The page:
It seems like a safe bet, if you're employed as an enemy saboteur, that you will enjoy a long, successful career in America.

If your thing is to smuggle explosives, guns, or box cutters onto American airliners, according to recent official reports, your success rate will be about 97 percent. "According to a report based on an internal investigation, "red teams" with the Department of Homeland Security's Office of the Inspector General were able to get banned items through the screening process in 67 out of 70 tests it conducted across the nation”. The man in charge of security was "reassigned" - not fired. Probably reassigned to Homer Simpson's spot as safety inspector at that nuclear power plant.

The field is wide open as well to ambitious saboteurs in the field of critical communications. Take the Arizona incident last February when just about everything went down. "FLAGSTAFF, Ariz. (AP) - Computers, cellphones and landlines in Arizona were knocked out of service for hours, ATMs stopped working, 911 systems were disrupted and businesses were unable to process credit card transactions - all because a vandal apparently sliced through a fiber-optic Internet cable buried under the desert.” There we go again with dat wascally vandal. But never fear, I'm sure a substantial reward is offered for his capture - like the $1,000 reward offered by AT&T for the capture of the "vandal" who has severed 10 fiber optic communication cables around San Francisco Bay Area recently. Reports state officials are "baffled".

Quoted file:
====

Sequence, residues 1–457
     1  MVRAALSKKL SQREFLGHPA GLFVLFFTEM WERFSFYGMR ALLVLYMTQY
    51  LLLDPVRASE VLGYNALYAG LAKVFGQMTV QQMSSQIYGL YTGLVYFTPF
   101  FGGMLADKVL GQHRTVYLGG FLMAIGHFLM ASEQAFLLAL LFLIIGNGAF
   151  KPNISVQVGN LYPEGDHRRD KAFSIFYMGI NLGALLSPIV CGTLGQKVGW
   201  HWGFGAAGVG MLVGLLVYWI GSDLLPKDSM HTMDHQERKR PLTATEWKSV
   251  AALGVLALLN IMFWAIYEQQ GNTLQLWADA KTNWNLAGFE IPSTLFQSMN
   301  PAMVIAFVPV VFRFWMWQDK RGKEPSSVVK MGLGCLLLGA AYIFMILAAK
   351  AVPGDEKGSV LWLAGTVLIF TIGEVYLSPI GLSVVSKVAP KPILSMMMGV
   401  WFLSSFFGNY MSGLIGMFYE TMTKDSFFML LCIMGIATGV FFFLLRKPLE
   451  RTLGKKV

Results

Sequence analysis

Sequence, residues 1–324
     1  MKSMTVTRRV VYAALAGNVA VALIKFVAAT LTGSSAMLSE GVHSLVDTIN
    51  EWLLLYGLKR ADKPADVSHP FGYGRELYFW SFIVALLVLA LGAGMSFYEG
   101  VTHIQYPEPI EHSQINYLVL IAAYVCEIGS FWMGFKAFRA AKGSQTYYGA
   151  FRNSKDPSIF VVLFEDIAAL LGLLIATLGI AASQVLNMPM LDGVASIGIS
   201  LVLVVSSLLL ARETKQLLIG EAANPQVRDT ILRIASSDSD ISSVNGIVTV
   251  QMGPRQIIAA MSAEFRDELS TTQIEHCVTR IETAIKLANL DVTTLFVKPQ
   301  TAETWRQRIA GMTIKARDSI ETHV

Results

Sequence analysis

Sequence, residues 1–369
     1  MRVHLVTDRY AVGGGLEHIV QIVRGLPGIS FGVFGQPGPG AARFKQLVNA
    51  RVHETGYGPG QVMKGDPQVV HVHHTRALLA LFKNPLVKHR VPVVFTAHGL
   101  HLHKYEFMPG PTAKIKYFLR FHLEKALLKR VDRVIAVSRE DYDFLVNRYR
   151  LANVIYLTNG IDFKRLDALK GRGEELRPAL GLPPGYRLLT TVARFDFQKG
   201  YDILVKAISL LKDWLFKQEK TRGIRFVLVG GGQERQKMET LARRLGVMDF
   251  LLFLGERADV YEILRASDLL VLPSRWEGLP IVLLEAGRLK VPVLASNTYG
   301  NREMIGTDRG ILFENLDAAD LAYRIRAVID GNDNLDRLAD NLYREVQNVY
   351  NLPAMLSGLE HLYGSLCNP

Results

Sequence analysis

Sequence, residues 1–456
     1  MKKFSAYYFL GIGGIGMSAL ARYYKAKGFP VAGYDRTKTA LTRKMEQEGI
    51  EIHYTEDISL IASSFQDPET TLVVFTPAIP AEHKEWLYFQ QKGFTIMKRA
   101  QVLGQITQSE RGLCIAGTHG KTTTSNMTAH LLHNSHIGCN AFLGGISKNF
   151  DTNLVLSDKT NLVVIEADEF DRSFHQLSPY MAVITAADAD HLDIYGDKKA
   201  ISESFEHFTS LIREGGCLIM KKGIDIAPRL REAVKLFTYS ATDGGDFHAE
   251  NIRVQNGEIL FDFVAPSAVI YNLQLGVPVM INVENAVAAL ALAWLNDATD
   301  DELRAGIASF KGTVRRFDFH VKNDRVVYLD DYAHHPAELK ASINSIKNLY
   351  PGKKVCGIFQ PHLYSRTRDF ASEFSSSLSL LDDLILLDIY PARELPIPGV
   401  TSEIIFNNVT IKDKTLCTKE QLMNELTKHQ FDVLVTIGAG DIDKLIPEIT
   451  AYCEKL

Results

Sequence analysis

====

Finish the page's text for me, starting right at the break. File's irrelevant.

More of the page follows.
Another baffling incident took place about 18 months ago in the San Jose area where, in the dead of night more rascally saboteurs entered a protected Pacific Gas & Electric substation, severed AT&T fiber-optic cables, and for nearly a half-hour fired AK-47 "sniper" rounds into the complex, "knocking out 17 transformers."

Last year, the Federal Energy Regulatory Commission accidentally released a document outlining areas where the nation's electrical grid was susceptible to a terror attack. The Wall Street Journal, citing the data, reported that an attack on nine "key" substations could cause power outages nationwide. Well, might as well let the enemy know where to go so we can be there to catch him.

Sabotage seems to be a growth industry now. But none dare call it government-incompetence driven.

Now, back to the news. The question of the day? Just how black do you have to be to be recognized as black?